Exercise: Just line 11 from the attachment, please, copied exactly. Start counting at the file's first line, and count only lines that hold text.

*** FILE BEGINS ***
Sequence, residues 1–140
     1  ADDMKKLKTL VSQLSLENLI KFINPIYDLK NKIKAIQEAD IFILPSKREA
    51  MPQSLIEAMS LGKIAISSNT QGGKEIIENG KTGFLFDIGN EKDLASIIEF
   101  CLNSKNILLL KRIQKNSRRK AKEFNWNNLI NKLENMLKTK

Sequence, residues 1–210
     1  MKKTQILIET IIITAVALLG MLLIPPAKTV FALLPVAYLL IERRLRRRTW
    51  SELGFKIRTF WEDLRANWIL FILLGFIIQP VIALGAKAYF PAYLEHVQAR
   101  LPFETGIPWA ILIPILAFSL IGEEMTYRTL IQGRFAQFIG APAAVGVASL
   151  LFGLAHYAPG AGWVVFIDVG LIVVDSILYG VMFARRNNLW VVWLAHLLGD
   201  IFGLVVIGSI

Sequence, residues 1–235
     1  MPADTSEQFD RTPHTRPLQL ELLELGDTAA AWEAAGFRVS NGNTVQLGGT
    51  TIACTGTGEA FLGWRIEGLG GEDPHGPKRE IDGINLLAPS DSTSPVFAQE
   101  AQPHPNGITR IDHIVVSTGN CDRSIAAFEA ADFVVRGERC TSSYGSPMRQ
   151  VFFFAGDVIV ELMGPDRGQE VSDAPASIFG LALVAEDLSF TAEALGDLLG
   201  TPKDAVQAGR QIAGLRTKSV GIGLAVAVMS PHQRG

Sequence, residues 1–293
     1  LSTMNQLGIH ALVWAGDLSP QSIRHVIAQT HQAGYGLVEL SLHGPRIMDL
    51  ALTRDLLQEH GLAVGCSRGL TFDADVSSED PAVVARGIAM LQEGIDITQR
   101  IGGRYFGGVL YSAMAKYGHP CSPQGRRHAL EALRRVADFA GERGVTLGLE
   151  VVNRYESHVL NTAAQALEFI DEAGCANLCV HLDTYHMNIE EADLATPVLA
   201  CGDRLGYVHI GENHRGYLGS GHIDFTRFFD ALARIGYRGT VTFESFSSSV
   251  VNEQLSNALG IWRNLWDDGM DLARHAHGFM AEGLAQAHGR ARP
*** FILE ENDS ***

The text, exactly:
Sequence, residues 1–235